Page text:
Incomplete recovery of human gut flora with repeated antibiotics
The article’s focus is on the indigenous human microbiota, which is essential to the health of the human host. Microbiota are cells found in the gut of mammals. Mammals depend on these microbial ecosystems to assist in digestion, providing vitamins to the host, resisting pathogens, and regulating metabolism and immune system (Dethlefsen and Relman, 1). Modern humans interact with microbiota in ways that are unprecedented in humans’ evolutionary history. This is due to factors such as urbanization, global mobility, an abundance of processed foods, improved sanitation and hygiene, and particularly antibiotics. Scientists are currently concerned about the impact of antibiotics on distal gut microbiota, primarily because of the possibility that pathogens could develop antibiotic resistance. Additionally, many acute and chronic health problems are associated with antibiotic use.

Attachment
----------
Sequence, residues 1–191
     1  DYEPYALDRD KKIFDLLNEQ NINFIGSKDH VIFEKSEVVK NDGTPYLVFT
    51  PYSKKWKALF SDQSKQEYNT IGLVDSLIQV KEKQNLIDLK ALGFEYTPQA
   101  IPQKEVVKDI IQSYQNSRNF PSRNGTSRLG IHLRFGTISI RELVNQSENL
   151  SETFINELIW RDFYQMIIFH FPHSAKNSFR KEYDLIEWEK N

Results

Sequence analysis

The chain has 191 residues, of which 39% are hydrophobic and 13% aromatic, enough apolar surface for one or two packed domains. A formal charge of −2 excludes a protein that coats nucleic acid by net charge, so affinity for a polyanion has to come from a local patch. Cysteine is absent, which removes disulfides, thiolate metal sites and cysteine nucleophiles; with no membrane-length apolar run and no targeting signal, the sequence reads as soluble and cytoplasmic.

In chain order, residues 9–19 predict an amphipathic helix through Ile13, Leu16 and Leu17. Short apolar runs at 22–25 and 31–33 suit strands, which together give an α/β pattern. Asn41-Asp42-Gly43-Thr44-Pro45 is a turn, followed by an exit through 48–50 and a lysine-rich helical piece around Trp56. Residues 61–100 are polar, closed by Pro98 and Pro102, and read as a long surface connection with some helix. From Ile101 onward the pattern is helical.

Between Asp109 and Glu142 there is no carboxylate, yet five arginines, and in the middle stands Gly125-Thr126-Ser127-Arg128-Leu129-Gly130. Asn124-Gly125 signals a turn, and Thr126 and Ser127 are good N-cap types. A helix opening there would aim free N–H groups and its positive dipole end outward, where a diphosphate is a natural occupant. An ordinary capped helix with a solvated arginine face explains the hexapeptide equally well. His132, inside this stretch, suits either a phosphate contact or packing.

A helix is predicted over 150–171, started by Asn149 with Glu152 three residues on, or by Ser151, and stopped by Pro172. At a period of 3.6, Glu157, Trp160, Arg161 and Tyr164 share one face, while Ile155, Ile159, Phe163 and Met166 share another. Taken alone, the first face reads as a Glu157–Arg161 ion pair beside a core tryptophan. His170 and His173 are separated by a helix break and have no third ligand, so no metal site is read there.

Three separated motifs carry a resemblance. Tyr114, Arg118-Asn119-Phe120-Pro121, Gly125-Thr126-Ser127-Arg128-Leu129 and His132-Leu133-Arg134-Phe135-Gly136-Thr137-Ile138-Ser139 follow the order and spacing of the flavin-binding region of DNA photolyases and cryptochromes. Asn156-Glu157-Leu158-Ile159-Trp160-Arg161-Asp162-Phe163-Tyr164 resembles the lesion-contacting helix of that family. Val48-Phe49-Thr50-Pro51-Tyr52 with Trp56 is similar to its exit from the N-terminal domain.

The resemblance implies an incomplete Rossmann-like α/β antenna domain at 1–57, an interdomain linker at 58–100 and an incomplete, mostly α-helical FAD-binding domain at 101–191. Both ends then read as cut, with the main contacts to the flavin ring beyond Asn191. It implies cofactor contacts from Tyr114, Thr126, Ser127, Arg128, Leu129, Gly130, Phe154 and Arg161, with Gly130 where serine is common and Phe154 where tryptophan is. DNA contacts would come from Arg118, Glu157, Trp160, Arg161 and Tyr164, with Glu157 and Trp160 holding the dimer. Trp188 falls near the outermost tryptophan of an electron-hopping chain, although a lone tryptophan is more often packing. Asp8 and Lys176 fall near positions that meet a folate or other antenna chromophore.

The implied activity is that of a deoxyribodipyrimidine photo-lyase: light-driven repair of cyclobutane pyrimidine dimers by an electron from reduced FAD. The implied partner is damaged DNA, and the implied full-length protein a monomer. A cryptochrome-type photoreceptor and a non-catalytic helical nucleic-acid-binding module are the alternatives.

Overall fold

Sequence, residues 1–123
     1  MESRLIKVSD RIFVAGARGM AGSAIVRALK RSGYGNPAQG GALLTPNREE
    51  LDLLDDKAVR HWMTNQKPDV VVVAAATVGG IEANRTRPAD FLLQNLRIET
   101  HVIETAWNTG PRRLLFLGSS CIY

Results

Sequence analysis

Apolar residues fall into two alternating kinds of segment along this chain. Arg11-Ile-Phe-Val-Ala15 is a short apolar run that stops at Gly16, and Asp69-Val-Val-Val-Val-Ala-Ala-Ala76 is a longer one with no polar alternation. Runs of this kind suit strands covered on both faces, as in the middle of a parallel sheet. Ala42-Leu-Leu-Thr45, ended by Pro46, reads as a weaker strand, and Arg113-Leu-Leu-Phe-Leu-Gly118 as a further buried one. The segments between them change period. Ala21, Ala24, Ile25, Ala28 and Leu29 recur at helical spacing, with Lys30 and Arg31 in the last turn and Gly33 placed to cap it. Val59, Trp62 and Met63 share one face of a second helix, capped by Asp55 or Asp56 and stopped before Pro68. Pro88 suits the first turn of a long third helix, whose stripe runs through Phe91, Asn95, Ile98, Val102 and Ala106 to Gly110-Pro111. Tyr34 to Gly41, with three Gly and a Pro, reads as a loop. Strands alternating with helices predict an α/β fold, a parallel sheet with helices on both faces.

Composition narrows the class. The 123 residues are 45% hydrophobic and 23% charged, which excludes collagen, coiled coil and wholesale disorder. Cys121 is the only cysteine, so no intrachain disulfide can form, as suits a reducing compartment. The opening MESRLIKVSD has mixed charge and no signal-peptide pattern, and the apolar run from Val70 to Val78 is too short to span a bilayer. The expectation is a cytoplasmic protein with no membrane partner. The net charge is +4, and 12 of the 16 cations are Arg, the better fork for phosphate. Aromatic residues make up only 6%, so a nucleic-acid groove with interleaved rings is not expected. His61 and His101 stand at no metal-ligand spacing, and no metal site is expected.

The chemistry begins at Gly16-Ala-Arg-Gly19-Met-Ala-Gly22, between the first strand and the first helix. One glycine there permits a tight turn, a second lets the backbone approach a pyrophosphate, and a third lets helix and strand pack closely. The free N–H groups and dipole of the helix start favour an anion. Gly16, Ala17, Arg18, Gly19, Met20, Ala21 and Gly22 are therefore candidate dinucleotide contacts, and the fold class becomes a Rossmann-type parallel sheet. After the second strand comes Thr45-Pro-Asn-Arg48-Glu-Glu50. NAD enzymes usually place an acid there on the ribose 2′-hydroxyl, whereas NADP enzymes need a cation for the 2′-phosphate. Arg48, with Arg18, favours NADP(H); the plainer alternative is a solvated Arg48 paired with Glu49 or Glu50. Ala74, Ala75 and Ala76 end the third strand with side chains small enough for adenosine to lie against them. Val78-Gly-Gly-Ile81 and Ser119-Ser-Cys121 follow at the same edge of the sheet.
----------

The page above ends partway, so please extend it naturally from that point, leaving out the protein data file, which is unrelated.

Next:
Dethlefsen and Relman examine the interpersonal variation in the composition of human microbiota of three individuals before, during, and after two exposures to ciprofloxacin, an antibiotic. The authors’ findings show that microbiota are part of a dynamic and resilient ecological system, but they suggest that this system retains a memory of past disturbance and that consistent disturbances can lead to a persistent shift in the nature of this microscopic ecosystem (Dethlefsen and Relman, 1).